"I tell her I'm wearing an insulin pump hooked up to my thigh," Linda Kallish said.
That insulin pump and Kallish's glucose monitor, which she told TSA screeners about, still set off the metal detector.
"She takes me into a room. And I have to take my pants off," she said.
Kallish is now the third passenger to come forward with what they claim were frightening and violating experiences at the hands of TSA screeners, raising new concerns.
"Their job is not to regard everybody as a suspect, but everybody as a traveler," aviation expert and John Jay College Professor Robert McCrie said.
McCrie says training is drawn into question. The TSA's own protocol for screening travelers with medical conditions clearly states that "if you have an colostomy or urine bag, you will not be required to expose these devices for inspection."
Ruth Sherman, 88, was heading back home from visiting her sons in New York when a TSA screener asked her to step into a private room to check the bulge caused by her colostomy bag.
"I had sweat suit on, just those cotton pants and a top and they asked me to pull down my pants. I felt so degraded that it was, I cried all the way home," Sherman said.
TSA's own protocol for screening of travelers with medical conditions clearly states that ''If you have an ostomy or urine bag, you will not be required to expose these devices for inspection.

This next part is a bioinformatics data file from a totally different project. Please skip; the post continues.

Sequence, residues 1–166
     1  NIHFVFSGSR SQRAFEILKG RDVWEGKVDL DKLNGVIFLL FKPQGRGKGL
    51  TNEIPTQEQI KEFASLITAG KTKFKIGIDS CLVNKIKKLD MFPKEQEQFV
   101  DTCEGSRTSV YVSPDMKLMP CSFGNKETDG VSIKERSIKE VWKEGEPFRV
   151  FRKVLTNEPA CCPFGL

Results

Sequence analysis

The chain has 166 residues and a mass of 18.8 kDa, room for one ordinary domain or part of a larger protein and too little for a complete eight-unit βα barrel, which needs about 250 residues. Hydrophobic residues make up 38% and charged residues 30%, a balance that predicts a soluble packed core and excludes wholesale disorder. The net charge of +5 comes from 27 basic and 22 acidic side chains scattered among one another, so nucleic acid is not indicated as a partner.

"They don't have to do that. I never in my life, I traveled the world I never in my life had anything like that," Sherman said.
Just a few days later, an 84-year-old woman with a walker claims JFK screeners stripped searched her:
"They took me into a private room and strip searched me. Will you pull your pants down please and then she pulled my underwear down and stripped searched me," Lenore Zimmerman, searched by TSA.
YouTube is filled with videos of cases in which the TSA has come under fire for going too far. From small children being checked for weapons to a former Miss USA alleging she was aggressively groped.
"I'm crying because I'm really; really upset that as an American I have to go through this. I do feel violated," Susie Castillo, a former Miss USA.
McCrie says ecurity practices have been slow to evolve.
"TSA started a decade ago, nine years it moved into the new Department of Homeland Security, and that's long enough to get procedures worked out smoothly so that the public isn't abused as we have seen in far too many cases," he said.
Professor McCrie says security without common sense has its price.
"I weigh 103 pounds; I'm going to be 85. So, I'm your typical terrorist right," Zimmerman said.
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